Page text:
Below are a couple of cover blanks for
5.25" bays, the top two are standard beige plastic covers and the bottom
one is from a Lian Li case. I am going to use the Lian bezel cover plate
for this guide because it is the more difficult of the two to do, but the
plastic covers would be done about the same way.
Grab the nibbler and begin cutting off the side
pieces, try to keep your line straight as you go. Once you get about half
way through flip it over and start cutting in from the other side. If you
have never nibbled before you need to know that it only cuts out a rice grain
sized piece with every squeeze, but it sounds worse than it actually is.
You could alternately use a dremel to remove the material, but it would probably
take just as long to do.
Notice the small pile of nibbler turds in the
lower right of the picture below... Ok, I will admit now
that I was just looking for an excuse to use the term "nibbler turds".
When the bay cover looks like the one below you can
carefully bend the side flap off and then repeat the process for the other side,
use wire cutters to cut through if you are unsure of your ability to bend it
Ok, now that the sides are off proceed to
remove the metal lip from the top and bottom. Use the nibbler to remove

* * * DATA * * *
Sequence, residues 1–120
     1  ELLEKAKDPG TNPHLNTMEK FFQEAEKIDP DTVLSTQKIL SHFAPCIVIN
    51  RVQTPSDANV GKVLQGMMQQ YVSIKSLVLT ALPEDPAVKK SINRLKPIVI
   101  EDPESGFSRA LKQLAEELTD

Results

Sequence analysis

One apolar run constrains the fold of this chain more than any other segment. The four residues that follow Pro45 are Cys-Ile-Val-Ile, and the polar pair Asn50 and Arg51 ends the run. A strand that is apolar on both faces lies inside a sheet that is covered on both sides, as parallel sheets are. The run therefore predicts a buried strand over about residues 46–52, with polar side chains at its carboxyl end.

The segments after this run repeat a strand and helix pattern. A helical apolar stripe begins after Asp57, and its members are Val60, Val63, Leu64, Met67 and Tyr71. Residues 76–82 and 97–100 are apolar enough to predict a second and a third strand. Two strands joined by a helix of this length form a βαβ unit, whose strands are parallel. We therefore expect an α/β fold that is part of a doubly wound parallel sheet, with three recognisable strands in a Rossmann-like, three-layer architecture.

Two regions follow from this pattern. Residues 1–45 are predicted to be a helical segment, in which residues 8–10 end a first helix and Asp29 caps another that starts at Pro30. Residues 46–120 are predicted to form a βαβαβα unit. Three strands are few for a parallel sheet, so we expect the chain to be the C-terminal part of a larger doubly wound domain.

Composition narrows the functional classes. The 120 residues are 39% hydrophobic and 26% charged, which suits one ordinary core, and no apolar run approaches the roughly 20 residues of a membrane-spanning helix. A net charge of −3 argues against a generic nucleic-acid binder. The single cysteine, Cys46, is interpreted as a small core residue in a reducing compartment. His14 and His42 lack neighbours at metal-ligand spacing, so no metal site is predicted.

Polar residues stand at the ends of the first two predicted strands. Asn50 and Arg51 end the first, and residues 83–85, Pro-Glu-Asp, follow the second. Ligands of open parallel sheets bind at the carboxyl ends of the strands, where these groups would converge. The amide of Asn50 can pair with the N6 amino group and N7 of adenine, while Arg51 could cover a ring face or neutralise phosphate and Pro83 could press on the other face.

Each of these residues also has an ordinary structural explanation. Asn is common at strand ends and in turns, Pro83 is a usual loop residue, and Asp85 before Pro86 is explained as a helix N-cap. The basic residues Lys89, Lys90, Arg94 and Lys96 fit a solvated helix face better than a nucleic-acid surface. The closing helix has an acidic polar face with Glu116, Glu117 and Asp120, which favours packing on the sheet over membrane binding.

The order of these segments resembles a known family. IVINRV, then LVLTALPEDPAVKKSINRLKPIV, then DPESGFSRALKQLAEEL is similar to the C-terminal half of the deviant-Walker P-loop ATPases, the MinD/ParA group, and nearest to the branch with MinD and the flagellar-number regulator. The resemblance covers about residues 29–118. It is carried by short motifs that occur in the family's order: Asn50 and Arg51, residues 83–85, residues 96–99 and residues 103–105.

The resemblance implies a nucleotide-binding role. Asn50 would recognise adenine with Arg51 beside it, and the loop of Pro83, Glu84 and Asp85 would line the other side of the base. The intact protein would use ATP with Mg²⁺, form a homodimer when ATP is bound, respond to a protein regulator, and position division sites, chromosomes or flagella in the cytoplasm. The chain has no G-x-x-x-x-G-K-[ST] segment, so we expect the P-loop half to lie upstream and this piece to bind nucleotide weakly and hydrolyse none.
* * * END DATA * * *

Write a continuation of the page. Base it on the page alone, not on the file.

the edge material making sure to be careful not to remove too much. You
just want it to be about flush and any fine tuning as far as shaping it will be
done in the next step.
The file, it is one of my most frequently used
modding tools and is once again called into action to smooth up all the rough
edges left by the nibbler. File, file, file then check your progress and
then file some more, below is the finished filed product.
Wipe off the tray door to your drive to remove
any dirt, dust or oils from your hands, then take a strip of the double sided
tape and stick it onto the door. Cut a length of Velcro and adhere that to
the double sided tape as shown in the picture below. Your drive will have
to be recessed a little further into the case to compensate for the added
thickness of the tape and Velcro, just loosen the screws up and slide it back.
Take the other half of the Velcro and line it
up on the inside of the bay cover, it doesn't have to be perfect but the closer
the better. Using the Velcro as a guide I approximated the position of the
eject button and started layering the double sided tape until it was three
layers thick. Since we don't want the cover sticking to the eject button I
cut a small piece of paper to stick onto the top of the tape. If you don't
have the tape positioned correctly so that it hits the eject button simply
remove it, wipe it down with some Goo-Gone to remove any tape residue and try
Take the cover plate and line it up with the
drive, press it down good so that the Velcro sticks and you are basically
done. Test it out by pressing the lower right corner to eject the drive
tray, then reach under and push the eject button again to bring the tray back
in. If the newly installed stealth cover doesn't close correctly simply
remove it, reposition it and try it again.
Below is a top down shot showing the tape,
Velcro and bay cover attached to the drive tray door.
And finally, a front shot of the open stealth
drive. This mod is near fool proof, takes under an hour and costs next to
nothing to do. If you get sick of reaching beneath to close the drive tray
you can refer to our CD button re-routing guide
for even more modding fun.
Guide written by ARTbyTROY
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